View Full Version : long fermentation

09-26-2012, 08:15 PM
hey all. I started my first cyser (9th mead overall) back in February (2/7/12). It is still showing signs of fermentation. I have searched the forums and other sites and have tried some solutions. I think I am just being impatient but I am still going to ask.

4 gals ziegler's apple cider
12# bakers honey (got a 5 gal bucket for $50)
2 tsp yeast nutrient
1 tsp yeast energizer
3 tsp pectic enzyme
1 gal cold h20


boiled honey with 1 gal apple cider and skimmed scum for 2 mins
added remaining cider and water
used wyeast activator 4184 sweet mead

found out after that cider had 1/10th of 1% of potassium sorbate in it (2 tsp total if my math is correct)

nutrient schedule 2 tsp nutrient 1 tsp energizer @24 hrs
2 tsp nutrient 1 tsp enegizer @ 72 hrs

aerated everyday till signs of fermentation started

2/12 SG 1.100 2/22 SG 1.084 3/2 SG 1.078 added 2 tsp energizer

checked ph was around 4.0 on 3/14 SG 1.062 3/30 SG 1.050
4/23 SG 1.050 pitched KIV1116 rehydrated in honey water added 1 box of chopped raisins for nutrients
5/8 racked SG 1.046 5/22 SG 1.043 6/19 SG 1.032 7/16 SG 1.028
5/20 added 3/4 gal unsweeted apple juice to top up from all the gravity readings SG 1.030
very clear and still has bubbles flowing through it
9/18 racked SG 1.014

just need to know if I am being impatient and should wait. there is still some bubbles in there. just worried that I might lose this batch after waiting so long. thank you in advance for any advice.

09-26-2012, 08:22 PM
As long as it is still going, I wouldn't worry about losing it. Quite a bit of alcohol in there by now to keep the nasties at bay.

The preservative (sorbate) is likely your problem. You've basically got the same amount of yeast that you pitched, rather than having the population increase. That will give you a long, slow ride. Your second yeast pitch probably mostly died on impact, as there was a good dose of alcohol in there at the time. In the future, you should acclimate the yeast to the mead before repitching (you can search for how to do this, it's not that complicated).

09-27-2012, 12:44 AM
What akueck says, +1

I find that particular yeast can be a complete pain. Which has coloured my opinion of so called "mead yeast" and I now, don't bother with them.

After all, as there's nothing written down as to what yeast might have been used in the original (historic) recipes and methods, its almost as if its a sales/marketing exercise to sell what they couldn't isolate for anything else.....possibly wrong, but I find it easier to stick with dry yeasts as they're much more of a known quantity. Plus they have a much higher cell count that liquid yeasts.....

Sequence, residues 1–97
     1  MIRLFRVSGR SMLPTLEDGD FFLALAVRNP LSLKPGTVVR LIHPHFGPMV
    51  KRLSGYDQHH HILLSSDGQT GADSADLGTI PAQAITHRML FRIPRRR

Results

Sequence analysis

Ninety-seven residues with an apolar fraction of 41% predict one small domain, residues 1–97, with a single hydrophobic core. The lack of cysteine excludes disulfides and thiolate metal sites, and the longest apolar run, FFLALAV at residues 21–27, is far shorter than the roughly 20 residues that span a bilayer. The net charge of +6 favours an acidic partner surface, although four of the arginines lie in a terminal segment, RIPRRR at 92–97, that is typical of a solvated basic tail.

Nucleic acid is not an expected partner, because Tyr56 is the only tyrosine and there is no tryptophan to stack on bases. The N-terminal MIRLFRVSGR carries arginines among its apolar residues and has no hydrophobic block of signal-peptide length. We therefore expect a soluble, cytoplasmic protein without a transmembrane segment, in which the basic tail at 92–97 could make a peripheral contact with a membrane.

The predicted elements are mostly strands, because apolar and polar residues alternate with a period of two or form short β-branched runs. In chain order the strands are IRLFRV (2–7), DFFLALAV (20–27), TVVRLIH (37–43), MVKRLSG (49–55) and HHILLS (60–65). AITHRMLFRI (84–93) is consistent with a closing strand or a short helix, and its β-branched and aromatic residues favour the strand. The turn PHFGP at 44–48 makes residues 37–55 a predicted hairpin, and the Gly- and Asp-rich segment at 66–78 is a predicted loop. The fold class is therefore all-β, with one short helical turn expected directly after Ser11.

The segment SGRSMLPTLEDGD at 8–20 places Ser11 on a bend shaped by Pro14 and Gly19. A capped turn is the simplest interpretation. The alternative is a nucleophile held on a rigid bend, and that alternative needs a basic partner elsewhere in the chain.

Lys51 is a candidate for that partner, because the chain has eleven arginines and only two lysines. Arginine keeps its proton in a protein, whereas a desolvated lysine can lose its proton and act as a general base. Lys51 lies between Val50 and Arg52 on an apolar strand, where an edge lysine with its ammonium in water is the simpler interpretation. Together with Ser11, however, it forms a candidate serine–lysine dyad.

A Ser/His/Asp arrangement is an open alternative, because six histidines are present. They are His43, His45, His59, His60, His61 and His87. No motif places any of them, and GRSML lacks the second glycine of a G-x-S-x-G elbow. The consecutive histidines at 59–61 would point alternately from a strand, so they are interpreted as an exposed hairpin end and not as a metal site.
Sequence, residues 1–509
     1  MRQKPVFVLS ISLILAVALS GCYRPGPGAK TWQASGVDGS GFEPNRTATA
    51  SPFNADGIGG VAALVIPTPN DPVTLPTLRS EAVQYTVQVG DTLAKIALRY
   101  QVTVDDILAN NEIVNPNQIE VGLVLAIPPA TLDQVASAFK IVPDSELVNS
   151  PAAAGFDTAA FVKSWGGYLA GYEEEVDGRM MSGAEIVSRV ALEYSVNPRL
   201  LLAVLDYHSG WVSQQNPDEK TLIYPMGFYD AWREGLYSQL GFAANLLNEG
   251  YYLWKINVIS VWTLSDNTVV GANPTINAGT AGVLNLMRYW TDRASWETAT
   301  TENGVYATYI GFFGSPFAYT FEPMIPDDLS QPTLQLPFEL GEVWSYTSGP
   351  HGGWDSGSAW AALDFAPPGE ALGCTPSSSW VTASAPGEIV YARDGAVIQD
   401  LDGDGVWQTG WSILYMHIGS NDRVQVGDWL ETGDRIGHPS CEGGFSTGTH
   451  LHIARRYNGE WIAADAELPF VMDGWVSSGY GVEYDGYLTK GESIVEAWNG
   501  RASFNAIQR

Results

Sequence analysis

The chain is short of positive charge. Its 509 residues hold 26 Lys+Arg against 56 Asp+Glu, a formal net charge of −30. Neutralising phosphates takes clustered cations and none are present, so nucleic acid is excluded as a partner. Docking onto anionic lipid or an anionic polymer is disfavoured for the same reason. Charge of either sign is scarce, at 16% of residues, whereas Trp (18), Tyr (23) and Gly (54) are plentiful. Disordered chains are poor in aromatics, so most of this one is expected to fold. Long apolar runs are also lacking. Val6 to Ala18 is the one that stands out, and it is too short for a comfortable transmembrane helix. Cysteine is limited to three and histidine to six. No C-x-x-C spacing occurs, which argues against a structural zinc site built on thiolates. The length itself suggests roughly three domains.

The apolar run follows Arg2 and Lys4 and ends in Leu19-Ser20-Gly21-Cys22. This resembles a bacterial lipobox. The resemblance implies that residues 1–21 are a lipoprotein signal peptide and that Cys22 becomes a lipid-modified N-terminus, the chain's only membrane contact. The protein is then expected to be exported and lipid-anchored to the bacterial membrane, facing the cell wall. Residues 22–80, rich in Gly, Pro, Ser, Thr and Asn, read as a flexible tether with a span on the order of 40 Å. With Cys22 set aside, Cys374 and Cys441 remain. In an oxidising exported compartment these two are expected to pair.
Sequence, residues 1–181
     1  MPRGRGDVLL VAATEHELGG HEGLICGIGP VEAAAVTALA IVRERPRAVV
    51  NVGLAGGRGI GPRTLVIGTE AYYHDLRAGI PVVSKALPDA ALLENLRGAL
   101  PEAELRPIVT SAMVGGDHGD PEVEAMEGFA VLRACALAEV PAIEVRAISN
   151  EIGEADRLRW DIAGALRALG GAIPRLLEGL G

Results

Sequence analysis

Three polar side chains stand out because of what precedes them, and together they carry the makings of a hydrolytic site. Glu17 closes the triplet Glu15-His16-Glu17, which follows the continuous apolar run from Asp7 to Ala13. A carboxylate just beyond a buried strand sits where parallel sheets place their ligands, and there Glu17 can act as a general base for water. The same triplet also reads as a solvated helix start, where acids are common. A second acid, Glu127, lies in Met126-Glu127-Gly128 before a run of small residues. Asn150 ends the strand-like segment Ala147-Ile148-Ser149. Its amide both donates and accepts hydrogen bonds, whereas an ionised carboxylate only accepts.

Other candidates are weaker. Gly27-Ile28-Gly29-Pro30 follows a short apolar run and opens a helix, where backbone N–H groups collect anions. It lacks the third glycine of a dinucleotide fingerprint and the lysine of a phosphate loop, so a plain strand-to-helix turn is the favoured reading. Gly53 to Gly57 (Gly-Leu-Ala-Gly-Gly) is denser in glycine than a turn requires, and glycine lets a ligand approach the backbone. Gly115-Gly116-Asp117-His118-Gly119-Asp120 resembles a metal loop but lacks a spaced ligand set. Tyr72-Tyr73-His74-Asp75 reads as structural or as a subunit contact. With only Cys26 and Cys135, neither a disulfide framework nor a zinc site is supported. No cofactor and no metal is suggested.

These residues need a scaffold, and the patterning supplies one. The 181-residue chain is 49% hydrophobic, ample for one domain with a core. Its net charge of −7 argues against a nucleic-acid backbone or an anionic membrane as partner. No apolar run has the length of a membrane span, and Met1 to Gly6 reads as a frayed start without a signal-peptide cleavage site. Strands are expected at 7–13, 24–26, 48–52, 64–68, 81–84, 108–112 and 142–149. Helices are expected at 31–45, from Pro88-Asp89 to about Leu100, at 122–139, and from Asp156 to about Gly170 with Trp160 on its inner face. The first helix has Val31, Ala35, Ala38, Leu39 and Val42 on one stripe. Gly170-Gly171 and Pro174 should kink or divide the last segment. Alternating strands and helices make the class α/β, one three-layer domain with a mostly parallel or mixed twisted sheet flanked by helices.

Well that's my tuppence worth anyway.........

09-27-2012, 05:50 PM
thank you very much for your responses.

so basically what I could of done is if I found out that I had the sorbate I could just leave it in the primary so all the yeast is working? If that would be the best way would it give off flavors from the must ? (that is if I could not get anymore yeast to repitch)

I am just wanting to know in case I come across the same problem (knowing myself I might) :laughing11:

09-27-2012, 07:23 PM
If you run across sorbates in the future, you can build up your yeast cell count separately, then pitch a ton of yeast into your sorbated must. Basically you're making a "starter". This way even if the yeast don't reproduce, you've got a lot of them in there. Alternately, you can pitch several packs of yeast instead of just one--this can get pricey though unless you use dry yeast.

09-28-2012, 05:22 PM
Thanks again. I will let you know how it turns out. If it ever does.;)

Chevette Girl
09-29-2012, 01:42 AM
There's another thread (http://www.gotmead.com/forum/showthread.php?t=19383)around here where the member did get a mostly-successful batch using sorbated cider but he had to make a big starter to pitch every time the previous yeast pooped out and fermentation stopped.

09-29-2012, 08:41 AM
I'd call 1.112 to 1.014 with sorbate present very successful, even if it stalls there. Sometimes a long slow fermentation produces very good results.

01-10-2013, 08:50 PM
Well it took about forever but i finally bottled it. It did finish at about 1.001! Not the sweet mead i wanted to get. It did have a hot alcohol taste (about 14.8%). Not fusel alcohol taste had that before. Do you think that might mellow out ? just wondering

Chevette Girl
01-11-2013, 01:27 AM
If this batch was only started in September, then yeah, I would expect it's gonna mellow out some in the next six months to a year.

Congrats on getting a yeast with attitude to actually do its job, AND on a sorbated cider no less!